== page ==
Understanding common problems during feline pregnancy, queening and lactation
Although most cats deliver their litter without any assistance, problems can occasionally arise which require the attention of a Vet. Always seek veterinary advice if any of the following occur:
- Twenty minutes of intense labour without a kitten being delivered.
- After ten minutes of intense labour a kitten or a fluid-filled bubble is visible in the birth canal, but not progressing.
- The mother experiences sudden depression or marked lethargy.
- Elevation of body temperature exceeds 103°F (39.4°C).
- Fresh blood discharges from the vagina for more than 10 minutes.
Difficulty delivering (dystocia) may be managed with or without surgery. This will depend on the condition of the mother as well as the size of the litter and of the kittens.
Problems during pregnancy
Eclampsia (“Milk Fever”)
The depletion of calcium in the blood stream can result in eclampsia, a life-threatening disease, which can sometimes occur during the later stages of pregnancy. A calcium supplement can help prevent this problem for high risk cats. You should introduce supplements in consultation with your vet.
Symptoms of Eclampsia:
- Behavioural symptoms include restlessness, pacing, panting, and irritability.
- Physical symptoms may include drooling, stiffness in gait, loss of coordination, and pain on walking.
- Final stages of eclampsia include muscle spasms and seizure-like activity.
Eclampsia is extremely serious, and the cat should be seen by a veterinarian at the first signs of symptoms.
Problems during Queening
Queening is term used to describe the process of giving birth in cats.
Occasionally, a mother will deliver a litter several days premature. The kittens may be small, thin, and have little or no hair. It is possible for them to survive, but they require an enormous amount of care, since they struggle to maintain body heat and are frequently very weak and unable to swallow. Some may be able to nurse but are often so weak that they must be held next to the mother. Kittens that do not nurse can be fed with a small syringe, bottle, or stomach tube (stomach tubing should only be attempted under veterinary instruction and/or supervision). The equipment and instructions for these procedures are available from your veterinarian. Premature kittens must be kept warm. The mother can provide sufficient radiant heat from her body if she remains close to them. If she refuses, heat can be provided by a heat lamp, heating pad, or hot water bottle. Excessive heat can be just as harmful as being too cold, so any form of artificial heat must be controlled.
It is not uncommon for one or two kittens in a litter to be stillborn. Sometimes, a stillborn kitten will disrupt labour, resulting in dystocia, at other times the dead kitten will be born normally. Although there is always a cause for this, it is often not easily determined without an autopsy. This is only recommended in special circumstances.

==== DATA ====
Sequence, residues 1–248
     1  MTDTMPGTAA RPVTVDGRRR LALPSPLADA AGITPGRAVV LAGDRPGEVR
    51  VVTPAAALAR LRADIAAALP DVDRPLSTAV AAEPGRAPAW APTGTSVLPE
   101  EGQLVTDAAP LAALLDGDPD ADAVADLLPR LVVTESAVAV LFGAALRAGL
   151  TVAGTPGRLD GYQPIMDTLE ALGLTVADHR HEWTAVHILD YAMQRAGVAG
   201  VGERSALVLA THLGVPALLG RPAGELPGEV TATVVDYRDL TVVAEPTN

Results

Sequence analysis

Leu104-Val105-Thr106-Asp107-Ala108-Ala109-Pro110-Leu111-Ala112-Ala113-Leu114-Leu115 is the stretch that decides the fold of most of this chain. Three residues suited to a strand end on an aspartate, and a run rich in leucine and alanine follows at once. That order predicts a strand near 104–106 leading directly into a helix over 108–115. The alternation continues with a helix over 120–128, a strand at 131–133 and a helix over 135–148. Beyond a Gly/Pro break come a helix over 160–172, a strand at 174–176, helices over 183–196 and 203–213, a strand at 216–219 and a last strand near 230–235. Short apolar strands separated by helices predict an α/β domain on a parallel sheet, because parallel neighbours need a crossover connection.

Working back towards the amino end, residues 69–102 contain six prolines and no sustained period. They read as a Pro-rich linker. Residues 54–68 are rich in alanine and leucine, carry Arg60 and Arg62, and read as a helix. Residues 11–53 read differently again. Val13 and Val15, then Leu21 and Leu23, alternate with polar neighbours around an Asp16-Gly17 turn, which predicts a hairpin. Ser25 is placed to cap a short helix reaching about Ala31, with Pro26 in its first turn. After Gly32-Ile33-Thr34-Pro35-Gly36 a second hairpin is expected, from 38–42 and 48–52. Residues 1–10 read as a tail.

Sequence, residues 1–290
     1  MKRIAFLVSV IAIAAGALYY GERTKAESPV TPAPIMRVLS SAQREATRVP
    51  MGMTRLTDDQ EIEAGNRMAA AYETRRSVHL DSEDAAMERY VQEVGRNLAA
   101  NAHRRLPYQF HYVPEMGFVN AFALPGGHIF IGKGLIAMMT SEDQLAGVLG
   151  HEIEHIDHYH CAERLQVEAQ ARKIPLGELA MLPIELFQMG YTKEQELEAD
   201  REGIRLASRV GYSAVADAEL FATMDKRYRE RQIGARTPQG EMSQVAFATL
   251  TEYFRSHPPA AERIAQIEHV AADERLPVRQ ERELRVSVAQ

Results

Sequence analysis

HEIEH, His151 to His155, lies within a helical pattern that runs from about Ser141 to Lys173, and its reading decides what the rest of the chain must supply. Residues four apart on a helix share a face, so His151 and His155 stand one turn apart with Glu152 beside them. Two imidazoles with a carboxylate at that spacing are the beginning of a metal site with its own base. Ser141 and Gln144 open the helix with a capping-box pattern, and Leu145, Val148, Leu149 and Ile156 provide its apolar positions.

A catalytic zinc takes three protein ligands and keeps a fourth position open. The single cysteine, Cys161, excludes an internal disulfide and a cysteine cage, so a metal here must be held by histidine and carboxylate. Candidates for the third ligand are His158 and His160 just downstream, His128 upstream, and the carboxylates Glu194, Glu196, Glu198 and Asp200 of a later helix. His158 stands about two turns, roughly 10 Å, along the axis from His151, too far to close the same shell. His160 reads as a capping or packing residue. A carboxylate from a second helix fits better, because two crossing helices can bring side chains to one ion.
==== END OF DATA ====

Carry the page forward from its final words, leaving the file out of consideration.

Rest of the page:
Dystocia is most commonly seen in cats with extremes of head shape, particularly Persian and Siamese cats. When dystocia is diagnosed, it is important to differentiate between foetal and maternal dystocia in order to proceed with the correct therapeutic measures. Foetal dystocias are caused by oversized or badly positioned foetuses in the uterus or birth canal. Maternal dystocia is caused when the queen is unable to pass normal sized kittens.
Foetal dystocia can usually be corrected by applying lubricant to the kitten. If the kitten cannot be reached, or it would disrupt the birthing process it is best to radiograph (X-ray) the queen. This will determine the kittens' position and relative size. Very small litters tend to have larger, oversized kittens that can cause dystocia. In these cases, caesarean section is the preferred method to correct the dystocia. This is because excessive manipulation or use of instruments may harm the kittens and queen.
Maternal dystocia is most commonly caused by uterine inertia. Uterine inertia occurs when the birth process has exhausted the uterine muscles making contractions impossible or non-rhythmic. It can also occur when the uterine muscles have insufficient stimulation from the hormone oxytocin. Uterine inertia can often be treated successfully by administration of oxytocin.
Problems during Lactation
Mastitis (inflammation of the mammary gland) occurs when the lactating queen’s mammary glands become inflamed, blocked or infected. Mastitis can affect a single gland or multiple glands. It is a medical emergency & requires immediate veterinary attention.
Signs of mastitis include:
- Pain, heat & swelling of the affected gland(s)
- Bloody, yellow or thick milk
- The queen refusing to let her kittens nurse from the affected gland
- The queen becoming depressed, losing her appetite or being dehydrated
- The queen may be lethargic
- Sick or dying kittens
This can affect the kittens receiving their required amount of colostrum. Colostrum is a form of milk produced by mammary glands in late pregnancy and a few days after giving birth. Colostrum is high in carbohydrates, protein, and antibodies and low in fat, providing the newborn kittens with the mother’s immunity to diseases and helping the kittens pass their first stools. If the queen is unable to nurse, the kittens will need to be hand fed with a milk replacer containing colostrum.